London: Anyone found running illegal backstreet or religous schools like secret madrasas in the UK will face fines or a prison sentence, authorities have warned amid concerns that extremists are radicalising youngsters and pose a threat to child safety.
Britain’s schools inspectorate Ofsted says it has found evidence of children being taught in squalid conditions in at least three places in Birmingham which have now closed. UK education secretary Nicky Morgan has said that anyone running illegal schools could face a jail term of up to 51 weeks.
“I have asked Ofsted to prepare cases for prosecution against unregistered schools it has identified”, she said. Ofsted chief Sir Michael Wilshaw is to also be given powers to prosecute people running secret religious madrasas amid concerns that extremists are radicalising youngsters and pose a threat to child safety.
It is understood that a total of 18 unregulated schools, mainly in Muslim communities in the Midlands region of the country, have been visited as part of an investigation in recent months.
Sir Michael said “his inspectors were visibly shocked by the conditions they found”. The government has provided funding for a team of six inspectors whose job will be to investigate illegal schools.
While most of the places visited by Ofsted so far have been in Muslim communities, inspectors may also turn their attention to similar unregistered tuition centres operated by other groups.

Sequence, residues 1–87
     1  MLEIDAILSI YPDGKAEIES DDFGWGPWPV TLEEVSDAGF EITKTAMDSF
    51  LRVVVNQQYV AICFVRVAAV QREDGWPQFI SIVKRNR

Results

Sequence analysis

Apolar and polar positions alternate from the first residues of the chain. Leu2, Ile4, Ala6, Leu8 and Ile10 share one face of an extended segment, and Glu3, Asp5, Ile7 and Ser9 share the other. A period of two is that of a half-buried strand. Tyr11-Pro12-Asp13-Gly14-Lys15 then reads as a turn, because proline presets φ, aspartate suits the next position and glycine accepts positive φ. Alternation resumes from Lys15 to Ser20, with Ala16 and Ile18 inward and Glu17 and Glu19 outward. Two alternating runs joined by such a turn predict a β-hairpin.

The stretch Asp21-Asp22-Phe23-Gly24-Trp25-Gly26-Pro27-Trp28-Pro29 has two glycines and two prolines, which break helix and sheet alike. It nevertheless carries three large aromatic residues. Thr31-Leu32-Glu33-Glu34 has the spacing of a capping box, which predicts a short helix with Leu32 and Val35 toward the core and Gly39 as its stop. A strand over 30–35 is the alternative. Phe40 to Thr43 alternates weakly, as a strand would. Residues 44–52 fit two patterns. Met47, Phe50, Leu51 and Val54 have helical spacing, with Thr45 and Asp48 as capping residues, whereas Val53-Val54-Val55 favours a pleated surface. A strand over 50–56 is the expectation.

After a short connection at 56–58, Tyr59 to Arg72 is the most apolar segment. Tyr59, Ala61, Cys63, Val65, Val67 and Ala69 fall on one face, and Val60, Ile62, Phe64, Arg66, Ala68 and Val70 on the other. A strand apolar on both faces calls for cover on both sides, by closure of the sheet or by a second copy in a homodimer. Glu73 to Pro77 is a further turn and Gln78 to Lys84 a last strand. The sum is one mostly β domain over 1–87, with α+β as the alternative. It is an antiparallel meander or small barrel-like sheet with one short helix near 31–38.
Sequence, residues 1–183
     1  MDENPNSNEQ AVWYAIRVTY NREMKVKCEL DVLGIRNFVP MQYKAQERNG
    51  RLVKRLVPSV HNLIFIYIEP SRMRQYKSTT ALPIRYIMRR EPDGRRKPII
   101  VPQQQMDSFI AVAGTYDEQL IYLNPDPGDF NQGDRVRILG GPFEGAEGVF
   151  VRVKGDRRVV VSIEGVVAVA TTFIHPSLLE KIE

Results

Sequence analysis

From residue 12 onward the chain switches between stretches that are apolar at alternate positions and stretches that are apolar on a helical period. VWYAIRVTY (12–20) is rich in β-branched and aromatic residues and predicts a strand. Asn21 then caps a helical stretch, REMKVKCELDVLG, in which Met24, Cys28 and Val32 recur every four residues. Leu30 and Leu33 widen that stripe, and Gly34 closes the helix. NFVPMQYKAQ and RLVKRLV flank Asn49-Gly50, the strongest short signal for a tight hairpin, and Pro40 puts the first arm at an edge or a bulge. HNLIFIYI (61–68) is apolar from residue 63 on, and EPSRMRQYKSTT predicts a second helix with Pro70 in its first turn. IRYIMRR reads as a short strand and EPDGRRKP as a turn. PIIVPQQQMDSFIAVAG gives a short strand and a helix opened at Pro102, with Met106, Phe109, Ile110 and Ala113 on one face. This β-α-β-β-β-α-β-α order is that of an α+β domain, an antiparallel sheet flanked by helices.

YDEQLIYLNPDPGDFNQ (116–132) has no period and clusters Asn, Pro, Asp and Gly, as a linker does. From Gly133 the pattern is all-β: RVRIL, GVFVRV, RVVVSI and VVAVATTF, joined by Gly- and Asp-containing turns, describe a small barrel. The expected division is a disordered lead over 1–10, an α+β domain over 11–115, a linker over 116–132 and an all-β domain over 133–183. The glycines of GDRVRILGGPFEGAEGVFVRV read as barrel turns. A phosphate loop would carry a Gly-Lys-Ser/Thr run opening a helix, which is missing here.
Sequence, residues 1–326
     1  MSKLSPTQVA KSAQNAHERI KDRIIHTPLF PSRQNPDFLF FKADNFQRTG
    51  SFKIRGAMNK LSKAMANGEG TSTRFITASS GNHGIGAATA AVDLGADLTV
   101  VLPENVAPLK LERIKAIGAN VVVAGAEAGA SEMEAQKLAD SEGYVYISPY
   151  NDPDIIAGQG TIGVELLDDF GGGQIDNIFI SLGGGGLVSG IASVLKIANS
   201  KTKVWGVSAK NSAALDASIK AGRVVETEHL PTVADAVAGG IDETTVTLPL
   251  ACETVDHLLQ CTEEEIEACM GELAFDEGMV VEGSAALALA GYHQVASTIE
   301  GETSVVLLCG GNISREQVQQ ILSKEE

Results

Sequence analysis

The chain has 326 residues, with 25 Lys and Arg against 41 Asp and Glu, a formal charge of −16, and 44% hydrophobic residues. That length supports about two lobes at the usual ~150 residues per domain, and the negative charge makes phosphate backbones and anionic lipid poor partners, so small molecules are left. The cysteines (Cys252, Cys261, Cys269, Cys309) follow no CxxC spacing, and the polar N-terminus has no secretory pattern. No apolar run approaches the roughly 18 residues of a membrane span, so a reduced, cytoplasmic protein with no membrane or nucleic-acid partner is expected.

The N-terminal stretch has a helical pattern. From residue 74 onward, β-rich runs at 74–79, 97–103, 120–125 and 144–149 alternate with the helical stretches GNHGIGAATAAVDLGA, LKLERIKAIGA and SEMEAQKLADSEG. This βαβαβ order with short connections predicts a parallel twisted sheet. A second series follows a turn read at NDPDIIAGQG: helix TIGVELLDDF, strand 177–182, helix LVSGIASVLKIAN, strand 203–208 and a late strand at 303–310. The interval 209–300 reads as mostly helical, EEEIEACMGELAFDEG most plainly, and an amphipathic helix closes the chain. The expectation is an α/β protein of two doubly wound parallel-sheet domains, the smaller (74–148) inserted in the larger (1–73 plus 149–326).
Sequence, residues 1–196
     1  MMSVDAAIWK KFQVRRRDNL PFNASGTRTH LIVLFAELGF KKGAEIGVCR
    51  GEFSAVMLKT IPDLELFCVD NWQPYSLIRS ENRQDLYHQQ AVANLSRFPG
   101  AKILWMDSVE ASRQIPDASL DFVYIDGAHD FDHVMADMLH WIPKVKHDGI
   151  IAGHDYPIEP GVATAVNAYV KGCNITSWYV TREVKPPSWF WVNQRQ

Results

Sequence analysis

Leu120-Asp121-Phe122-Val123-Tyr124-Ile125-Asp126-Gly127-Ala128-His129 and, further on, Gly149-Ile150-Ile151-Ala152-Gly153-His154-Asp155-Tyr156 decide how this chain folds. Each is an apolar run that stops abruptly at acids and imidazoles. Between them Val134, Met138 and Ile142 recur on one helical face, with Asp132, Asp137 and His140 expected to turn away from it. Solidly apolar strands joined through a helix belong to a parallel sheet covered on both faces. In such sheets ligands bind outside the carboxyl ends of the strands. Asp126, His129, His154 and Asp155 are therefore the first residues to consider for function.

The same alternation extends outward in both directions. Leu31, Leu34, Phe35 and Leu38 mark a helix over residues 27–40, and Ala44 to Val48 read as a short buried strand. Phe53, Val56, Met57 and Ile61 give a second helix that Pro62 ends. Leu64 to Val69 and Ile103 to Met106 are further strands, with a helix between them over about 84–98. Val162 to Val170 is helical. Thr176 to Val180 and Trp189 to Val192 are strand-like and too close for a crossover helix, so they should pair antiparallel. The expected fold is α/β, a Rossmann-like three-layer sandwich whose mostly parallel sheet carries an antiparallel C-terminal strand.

It will apply across the board, to any religious group whether Muslim group, Jewish group, or Christian group who wants to operate this sort of provision in unsafe accommodation, in unhygienic and filthy accommodation.
“It will apply to all religious groups, I want to make that absolutely clear”,Sir Michael said.
The schools inspectorate will also be able to prosecute Islamists running registered madrasas but who fail to heed warnings to stop teaching extremist ideology, misogynistic or homophobic ideas or anti-semitism.
Islamists who try to open another religious school after one has been closed down could also be prosecuted. Under already existing powers Ofsted can close down schools.
There are an estimated 2,000 madrasas in the UK attended by about 200,000 children, according to a 2011 report by the Institute for Public Policy Research.
The report found that while many madrasas make a valuable contribution to British society, a significant minority do not have adequate child protection or teaching standards.
Ministers are also consulting on plans for more regulation of places teaching for more than six to eight hours a week. Any place where children are taught for more than 20 hours a week has to register as a school in England.